Pre-K fails in Tennessee

The benefits of Tennessee’s pre-K program for at-risk children disappeared by the end of kindergarten, concludes the TN-VPK Effectiveness Study. By the end of second grade, children who attended TN-VPK did worse on many achievement measures compared to the control group, Vanderbilt researchers found. The pre-K group did no better on non-academic measures.

All the children came from low-income families. The control group was made up of children whose parents applied for pre-K but didn’t get a slot.


Many of the pre-K grads and the controls attended low-performing schools. Most fell behind in reading and math in the early grades, the study found.

Tennessee rolled out pre-K quickly, said Dale Farran, co-principal investigator. Quality varies. “What might you get from the same pre-K program if you had a common vision and could push the quality up?”

On paper — if not in reality –TN-VPK is a high-quality program, writes Abbie Lieberman on EdCentral.

TN-VPK meets nine out of 10 of the National Institute for Early Education Research (NIEER) quality benchmarks. The state requires teachers to have a bachelor’s degree with specialized training in pre-K, classes are small and have low student-teacher ratios, and the state has comprehensive early learning standards in place.

However, Tennessee spends only $5,895 per pre-K student. Oklahoma’s pre-K program, which spends $7,8678, “has been shown to have a positive impact on student achievement.”

Effective preschool programs don’t come cheap,  writes David Kirp, a professor of public policy at Berkeley, in the New York Times.

Consider what’s happening in Boston. A randomized study showed that prekindergartners there gained between four and seven months’ progress in reading and math, and those gains persisted: 27 percent more of Boston’s preschool children scored “proficient” or better on the state’s rigorous third-grade exams.

Boston spends $10,000 for each preschooler, according to Kirp. “You get what you pay for,” he concludes.

The kind of early childhood education that changes disadvantaged children’s learning trajectories is intensive and expensive. We might be able to afford it for the neediest kids, the ones who are not developing language skills and a base of knowledge at home. But, if it’s not going to be done well, why do it at all?

Universal pre-k may widen achievement gap

“Universal” pre-k could widen New York City’s achievement gap, writes Robert Pondiscio.

Mayor Bill de Blasio visited a prekindergarten class at Public School 130 in Lower Manhattan

Mayor Bill de Blasio visited a prekindergarten class at Public School 130 in Lower Manhattan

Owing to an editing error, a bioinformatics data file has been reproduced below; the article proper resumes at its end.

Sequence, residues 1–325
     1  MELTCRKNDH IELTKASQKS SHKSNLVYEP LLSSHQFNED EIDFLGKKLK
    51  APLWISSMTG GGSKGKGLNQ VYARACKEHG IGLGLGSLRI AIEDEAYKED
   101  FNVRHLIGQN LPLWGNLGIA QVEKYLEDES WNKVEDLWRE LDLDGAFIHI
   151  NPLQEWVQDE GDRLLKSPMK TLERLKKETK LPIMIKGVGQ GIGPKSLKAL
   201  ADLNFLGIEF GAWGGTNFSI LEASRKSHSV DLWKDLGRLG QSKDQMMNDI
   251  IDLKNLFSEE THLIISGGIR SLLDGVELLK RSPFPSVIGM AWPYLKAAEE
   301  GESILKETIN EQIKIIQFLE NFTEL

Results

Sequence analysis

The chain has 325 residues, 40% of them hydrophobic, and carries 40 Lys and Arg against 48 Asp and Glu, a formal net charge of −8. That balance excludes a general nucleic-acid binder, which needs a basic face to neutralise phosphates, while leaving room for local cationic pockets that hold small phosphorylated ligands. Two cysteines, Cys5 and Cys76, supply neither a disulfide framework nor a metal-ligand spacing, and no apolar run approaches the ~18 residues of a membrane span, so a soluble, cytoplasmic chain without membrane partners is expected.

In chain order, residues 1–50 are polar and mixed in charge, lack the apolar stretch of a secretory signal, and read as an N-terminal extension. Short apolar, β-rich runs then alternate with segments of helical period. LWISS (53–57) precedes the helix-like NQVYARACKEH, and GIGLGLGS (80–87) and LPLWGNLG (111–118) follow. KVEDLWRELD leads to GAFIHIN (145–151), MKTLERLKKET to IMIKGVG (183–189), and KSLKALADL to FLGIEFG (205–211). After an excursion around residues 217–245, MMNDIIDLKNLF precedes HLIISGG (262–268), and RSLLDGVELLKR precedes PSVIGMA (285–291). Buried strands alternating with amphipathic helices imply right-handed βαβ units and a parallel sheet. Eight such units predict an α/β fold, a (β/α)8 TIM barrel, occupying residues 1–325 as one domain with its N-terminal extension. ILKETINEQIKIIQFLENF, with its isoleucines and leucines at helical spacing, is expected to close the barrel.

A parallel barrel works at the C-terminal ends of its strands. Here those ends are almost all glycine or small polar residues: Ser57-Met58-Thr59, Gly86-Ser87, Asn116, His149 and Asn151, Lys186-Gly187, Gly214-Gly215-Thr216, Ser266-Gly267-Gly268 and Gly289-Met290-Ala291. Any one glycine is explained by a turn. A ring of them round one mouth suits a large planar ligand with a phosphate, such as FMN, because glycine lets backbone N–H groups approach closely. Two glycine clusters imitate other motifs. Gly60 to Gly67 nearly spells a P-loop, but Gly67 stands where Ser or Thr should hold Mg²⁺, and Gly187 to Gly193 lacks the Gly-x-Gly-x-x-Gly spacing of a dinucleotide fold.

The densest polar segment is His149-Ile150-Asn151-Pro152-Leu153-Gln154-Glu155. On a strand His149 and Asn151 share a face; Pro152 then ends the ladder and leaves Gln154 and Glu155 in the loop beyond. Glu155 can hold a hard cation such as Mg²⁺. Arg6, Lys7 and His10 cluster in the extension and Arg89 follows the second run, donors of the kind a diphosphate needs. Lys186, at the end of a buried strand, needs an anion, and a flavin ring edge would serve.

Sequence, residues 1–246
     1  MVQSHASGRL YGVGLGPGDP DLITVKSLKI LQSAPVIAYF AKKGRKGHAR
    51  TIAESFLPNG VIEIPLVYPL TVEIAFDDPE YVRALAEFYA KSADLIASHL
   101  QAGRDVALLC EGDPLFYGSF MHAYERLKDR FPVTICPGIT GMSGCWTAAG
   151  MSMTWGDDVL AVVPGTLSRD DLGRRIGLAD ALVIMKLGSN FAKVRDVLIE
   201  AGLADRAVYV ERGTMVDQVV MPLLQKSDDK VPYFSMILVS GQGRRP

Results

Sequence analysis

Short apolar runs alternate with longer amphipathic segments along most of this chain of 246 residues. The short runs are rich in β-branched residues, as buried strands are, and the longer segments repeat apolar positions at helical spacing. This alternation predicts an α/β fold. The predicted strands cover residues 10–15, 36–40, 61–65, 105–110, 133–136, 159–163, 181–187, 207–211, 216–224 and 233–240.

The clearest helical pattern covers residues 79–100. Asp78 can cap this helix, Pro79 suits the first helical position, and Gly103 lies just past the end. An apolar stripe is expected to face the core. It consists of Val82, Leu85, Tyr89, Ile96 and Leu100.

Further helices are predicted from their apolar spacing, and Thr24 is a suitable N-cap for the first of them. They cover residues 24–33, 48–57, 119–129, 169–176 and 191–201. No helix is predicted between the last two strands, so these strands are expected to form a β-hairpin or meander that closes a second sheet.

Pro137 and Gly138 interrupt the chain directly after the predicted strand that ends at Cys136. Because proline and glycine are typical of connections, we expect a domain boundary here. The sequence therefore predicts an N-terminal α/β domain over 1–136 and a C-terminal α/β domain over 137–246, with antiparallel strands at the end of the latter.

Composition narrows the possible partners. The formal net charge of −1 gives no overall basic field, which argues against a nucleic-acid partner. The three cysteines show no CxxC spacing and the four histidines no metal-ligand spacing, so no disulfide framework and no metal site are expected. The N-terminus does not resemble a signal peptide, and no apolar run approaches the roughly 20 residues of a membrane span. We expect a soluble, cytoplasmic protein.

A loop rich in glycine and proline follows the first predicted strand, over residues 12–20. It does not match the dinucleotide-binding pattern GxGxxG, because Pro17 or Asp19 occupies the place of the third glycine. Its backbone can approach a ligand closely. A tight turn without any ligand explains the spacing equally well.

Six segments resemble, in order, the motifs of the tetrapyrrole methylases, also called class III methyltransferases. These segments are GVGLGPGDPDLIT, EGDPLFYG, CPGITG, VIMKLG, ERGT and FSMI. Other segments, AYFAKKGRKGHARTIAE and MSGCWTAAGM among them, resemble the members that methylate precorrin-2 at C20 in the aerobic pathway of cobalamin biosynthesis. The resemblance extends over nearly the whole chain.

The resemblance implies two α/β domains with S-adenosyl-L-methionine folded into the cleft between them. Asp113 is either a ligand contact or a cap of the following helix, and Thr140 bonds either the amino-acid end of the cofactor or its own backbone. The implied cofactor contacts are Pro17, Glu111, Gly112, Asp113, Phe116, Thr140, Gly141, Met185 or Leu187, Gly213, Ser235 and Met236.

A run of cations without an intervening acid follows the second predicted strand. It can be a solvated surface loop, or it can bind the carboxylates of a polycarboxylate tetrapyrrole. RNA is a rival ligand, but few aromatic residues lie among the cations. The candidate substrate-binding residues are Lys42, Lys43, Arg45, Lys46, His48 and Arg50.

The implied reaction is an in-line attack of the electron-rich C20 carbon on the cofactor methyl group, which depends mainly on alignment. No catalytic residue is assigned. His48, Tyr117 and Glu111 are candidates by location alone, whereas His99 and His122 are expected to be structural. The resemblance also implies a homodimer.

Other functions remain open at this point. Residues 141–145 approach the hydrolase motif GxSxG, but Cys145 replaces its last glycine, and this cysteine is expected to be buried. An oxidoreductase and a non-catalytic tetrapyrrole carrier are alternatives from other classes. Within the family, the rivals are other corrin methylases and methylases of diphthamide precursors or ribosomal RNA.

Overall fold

Mayor Bill de Blasio’s $300 million program to provide free, full-time pre-K to all children is not reaching the neediest children, reports Bruce Fuller, a Berkeley professor of education and public policy.

Mayor de Blasio’s pre-K program added only 195 kids from the bottom 20 percent of ZIP codes this fall, according to Fuller’s data. “Middle-income neighborhoods are showing the greatest gains in registration, while enrollments have actually fallen in nineteen of the city’s thirty-four poorest zip codes,” notes Pondiscio.

“We just don’t have the evidence to back why we would heavily finance pre-K in middle class and upper class communities,” Fuller told ProPublica. Children from low-income families need early education the most, he wrote earlier, but the city’s program advantages well-off communities.

38% of new grads: College was worth the cost

Half of college graduates — 38 percent of recent graduates — strongly believe their college education was worth the cost, according to the Gallup-Purdue Index.

Alumni of for-profit colleges were the most dissatisfied: Only 26 percent strongly agreed their postsecondary education was worth the cost.


Earnings of former for-profit college enrollees (not necessarily graduates) show wide variability, notes Clive Belfield’s analysis of College Scoreboard data. Top for-profit students earn more than the average four-year student, but low-percentile students earn much less.

The boxes show the middle 50 percent of colleges; the “whiskers” show the 10th and 90th percentiles.

There’s less variability for students who enrolled in community colleges, he writes. “Median earnings at community colleges are significantly below those of four-year colleges, but the top 25 percent of community colleges have median earnings that exceed the average four-year public college.”